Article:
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Abstract

  1. Top of page
  2. Abstract
  3. MATERIALS AND METHODS
  4. RESULTS
  5. DISCUSSION
  6. AUTHOR CONTRIBUTIONS
  7. Acknowledgements
  8. REFERENCES

Objective

Rheumatoid arthritis (RA) is a chronic autoimmune disease caused by loss of immunologic self tolerance and characterized by chronic joint inflammation. Adult mesenchymal stem cells (MSCs) were recently found to suppress effector T cell responses and to have beneficial effects in various immune disorders. The purpose of this study was to examine a new therapeutic strategy for RA based on the administration of human adipose-derived MSCs (AD-MSCs).

Methods

DBA/1 mice with collagen-induced arthritis were treated with human AD-MSCs after disease onset, and clinical scores were determined. Inflammatory response was determined by measuring the levels of different mediators of inflammation in the joints and serum. The Th1-mediated autoreactive response was evaluated by determining the proliferative response and cytokine profile of draining lymph node cells stimulated with the autoantigen. The number of Treg cells and the suppressive capacity on self-reactive Th1 cells were also determined.

Results

Systemic infusion of human AD-MSCs significantly reduced the incidence and severity of experimental arthritis. This therapeutic effect was mediated by down-regulating the 2 deleterious disease components: the Th1-driven autoimmune and inflammatory responses. Human AD-MSCs decreased the production of various inflammatory cytokines and chemokines, decreased antigen-specific Th1/Th17 cell expansion, and induced the production of antiinflammatory interleukin-10 in lymph nodes and joints. Human AD-MSCs also induced de novo generation of antigen-specific CD4+CD25+FoxP3+ Treg cells with the capacity to suppress self-reactive T effector responses.

Conclusion

Human AD-MSCs emerge as key regulators of immune tolerance by inducing the generation/activation of Treg cells and are thus attractive candidates for a cell-based therapy for RA.

Rheumatoid arthritis (RA) is an autoimmune disease caused by loss of immunologic self tolerance that leads to chronic inflammation in the joints and subsequent cartilage destruction and bone erosion. The crucial process underlying disease initiation is the induction of autoimmunity to collagen-rich joint components; later events evolve a destructive inflammatory process (1). Progression of the autoimmune response implies the development of autoreactive Th1 and Th17 cells, their entry into the joint tissues, and their release of proinflammatory cytokines and chemokines, which promote macrophage and neutrophil infiltration and activation. Excessive levels of mediators of inflammation, such as cytokines, free radicals, and extracellular matrix–degrading enzymes, produced by infiltrating inflammatory cells play a critical role in joint damage (1). A desirable therapeutic approach would be to prevent the activation of inflammatory and autoimmune components of the disease. On the other hand, failures in the function of the Treg cell compartment can contribute to the development of RA, and enhancing the function of this compartment may also represent a therapeutic strategy (2–6).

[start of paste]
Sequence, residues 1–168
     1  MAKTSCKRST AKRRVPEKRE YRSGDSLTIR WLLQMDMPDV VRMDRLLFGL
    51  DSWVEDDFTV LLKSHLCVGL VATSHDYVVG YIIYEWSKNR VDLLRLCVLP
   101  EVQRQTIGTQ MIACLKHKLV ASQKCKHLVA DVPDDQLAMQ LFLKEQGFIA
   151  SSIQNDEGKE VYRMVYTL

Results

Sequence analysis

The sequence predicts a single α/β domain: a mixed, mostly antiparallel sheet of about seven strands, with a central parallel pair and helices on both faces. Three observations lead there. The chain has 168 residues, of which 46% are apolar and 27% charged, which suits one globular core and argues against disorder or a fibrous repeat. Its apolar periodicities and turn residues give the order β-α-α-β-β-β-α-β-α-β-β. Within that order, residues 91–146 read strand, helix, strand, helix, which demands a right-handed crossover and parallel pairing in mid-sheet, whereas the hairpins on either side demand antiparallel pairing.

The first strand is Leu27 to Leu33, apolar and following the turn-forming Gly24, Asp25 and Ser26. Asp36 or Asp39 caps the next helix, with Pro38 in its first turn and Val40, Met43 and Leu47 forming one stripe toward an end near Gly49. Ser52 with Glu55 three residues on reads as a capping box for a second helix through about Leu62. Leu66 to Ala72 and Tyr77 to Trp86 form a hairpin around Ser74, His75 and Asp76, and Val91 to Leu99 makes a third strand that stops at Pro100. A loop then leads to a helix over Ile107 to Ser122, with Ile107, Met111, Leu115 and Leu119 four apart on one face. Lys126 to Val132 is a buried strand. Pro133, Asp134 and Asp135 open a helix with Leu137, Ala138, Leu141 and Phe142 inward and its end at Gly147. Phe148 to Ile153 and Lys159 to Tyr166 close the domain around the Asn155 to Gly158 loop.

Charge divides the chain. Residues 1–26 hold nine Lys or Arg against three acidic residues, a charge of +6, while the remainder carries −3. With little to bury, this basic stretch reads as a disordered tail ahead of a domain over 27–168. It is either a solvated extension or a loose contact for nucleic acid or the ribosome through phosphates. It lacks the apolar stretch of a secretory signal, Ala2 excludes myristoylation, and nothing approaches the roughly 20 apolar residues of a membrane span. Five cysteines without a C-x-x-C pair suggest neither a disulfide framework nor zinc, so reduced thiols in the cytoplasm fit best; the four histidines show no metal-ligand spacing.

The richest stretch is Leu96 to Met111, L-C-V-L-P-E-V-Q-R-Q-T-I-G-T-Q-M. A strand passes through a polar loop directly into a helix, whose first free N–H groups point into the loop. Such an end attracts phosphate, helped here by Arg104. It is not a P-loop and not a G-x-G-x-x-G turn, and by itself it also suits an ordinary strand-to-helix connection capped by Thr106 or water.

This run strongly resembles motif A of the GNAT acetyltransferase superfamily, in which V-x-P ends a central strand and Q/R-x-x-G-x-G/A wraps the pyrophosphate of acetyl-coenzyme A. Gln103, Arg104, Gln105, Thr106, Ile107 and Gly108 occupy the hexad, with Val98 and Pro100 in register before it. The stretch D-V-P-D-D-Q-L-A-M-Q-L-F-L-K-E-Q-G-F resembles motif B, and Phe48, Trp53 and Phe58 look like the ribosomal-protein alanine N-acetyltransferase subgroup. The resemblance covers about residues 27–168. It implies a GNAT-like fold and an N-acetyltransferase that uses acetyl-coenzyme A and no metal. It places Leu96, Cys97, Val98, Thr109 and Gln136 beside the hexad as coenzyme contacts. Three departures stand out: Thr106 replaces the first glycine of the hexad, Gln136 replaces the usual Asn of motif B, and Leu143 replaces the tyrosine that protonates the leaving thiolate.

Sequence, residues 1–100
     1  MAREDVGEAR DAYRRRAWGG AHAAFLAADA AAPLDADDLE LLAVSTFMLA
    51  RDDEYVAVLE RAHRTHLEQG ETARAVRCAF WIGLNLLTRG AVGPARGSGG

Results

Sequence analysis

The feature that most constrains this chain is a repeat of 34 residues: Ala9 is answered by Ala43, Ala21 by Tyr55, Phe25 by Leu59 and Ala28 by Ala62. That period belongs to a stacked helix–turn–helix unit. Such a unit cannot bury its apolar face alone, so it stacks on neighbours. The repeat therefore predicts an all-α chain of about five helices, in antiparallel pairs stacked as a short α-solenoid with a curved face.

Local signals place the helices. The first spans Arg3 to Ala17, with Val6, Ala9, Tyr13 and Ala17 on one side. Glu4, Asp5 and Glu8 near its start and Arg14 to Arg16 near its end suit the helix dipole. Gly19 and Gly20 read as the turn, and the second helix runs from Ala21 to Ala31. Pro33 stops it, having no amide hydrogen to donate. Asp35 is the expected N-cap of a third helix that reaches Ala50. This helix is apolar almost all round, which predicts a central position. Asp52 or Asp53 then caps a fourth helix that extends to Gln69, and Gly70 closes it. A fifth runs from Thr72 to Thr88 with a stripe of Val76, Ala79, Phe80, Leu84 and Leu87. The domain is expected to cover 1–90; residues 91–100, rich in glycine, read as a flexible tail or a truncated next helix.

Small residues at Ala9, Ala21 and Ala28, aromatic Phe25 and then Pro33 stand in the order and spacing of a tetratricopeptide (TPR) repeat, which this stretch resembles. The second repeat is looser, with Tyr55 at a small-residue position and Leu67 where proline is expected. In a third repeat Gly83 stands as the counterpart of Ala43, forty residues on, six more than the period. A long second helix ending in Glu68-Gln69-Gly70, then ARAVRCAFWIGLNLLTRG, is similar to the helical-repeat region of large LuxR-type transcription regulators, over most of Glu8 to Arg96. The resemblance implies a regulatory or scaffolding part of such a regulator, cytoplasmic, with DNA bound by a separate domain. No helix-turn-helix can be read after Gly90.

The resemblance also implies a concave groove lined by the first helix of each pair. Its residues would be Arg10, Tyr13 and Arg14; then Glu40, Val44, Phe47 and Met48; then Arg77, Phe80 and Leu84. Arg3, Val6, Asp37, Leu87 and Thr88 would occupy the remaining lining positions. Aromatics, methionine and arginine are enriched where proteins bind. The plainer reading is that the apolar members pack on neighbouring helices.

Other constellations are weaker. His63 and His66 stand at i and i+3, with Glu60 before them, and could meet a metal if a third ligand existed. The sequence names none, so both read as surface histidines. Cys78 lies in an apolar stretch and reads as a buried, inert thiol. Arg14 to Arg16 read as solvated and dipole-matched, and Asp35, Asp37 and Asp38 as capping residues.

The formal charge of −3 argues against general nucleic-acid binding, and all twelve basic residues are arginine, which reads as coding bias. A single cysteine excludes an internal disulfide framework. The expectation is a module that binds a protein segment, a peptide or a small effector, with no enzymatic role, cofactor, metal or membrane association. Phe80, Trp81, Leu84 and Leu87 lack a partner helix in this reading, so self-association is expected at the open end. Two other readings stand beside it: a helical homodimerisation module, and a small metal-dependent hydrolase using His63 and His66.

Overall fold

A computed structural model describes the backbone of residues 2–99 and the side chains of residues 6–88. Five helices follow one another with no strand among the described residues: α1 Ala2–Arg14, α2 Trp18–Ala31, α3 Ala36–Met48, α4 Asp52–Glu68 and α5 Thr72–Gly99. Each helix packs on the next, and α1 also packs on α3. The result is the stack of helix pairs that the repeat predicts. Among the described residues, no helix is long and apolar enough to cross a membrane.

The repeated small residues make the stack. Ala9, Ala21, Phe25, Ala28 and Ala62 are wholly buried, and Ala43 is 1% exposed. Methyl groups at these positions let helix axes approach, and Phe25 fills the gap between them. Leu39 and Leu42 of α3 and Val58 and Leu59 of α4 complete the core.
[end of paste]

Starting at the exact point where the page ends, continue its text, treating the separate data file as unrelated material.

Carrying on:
Mesenchymal stem cells (MSCs) are mesoderm-derived cells that reside in the stroma of solid organs and function as precursors of nonhematopoietic connective tissues. Besides their capacity to differentiate into mesenchymal and nonmesenchymal cell lineages (7, 8) and their potential clinical application for the repair of damaged tissues, several recent studies have shown that bone marrow–derived MSCs (BM-MSCs) regulate the immune response, including in vitro inhibition of T cell proliferation, B cell function, and dendritic cell maturation (9–13). Some researchers have reported the use of BM-MSCs to treat allograft rejection and acute graft-versus-host disease as well as to alleviate experimental autoimmune encephalomyelitis, collagen-induced arthritis (CIA), and autoimmune myocarditis (11, 14–20). However, the specific molecular and cellular mechanisms involved in the immunoregulatory activity of BM-MSCs remain a subject of controversy.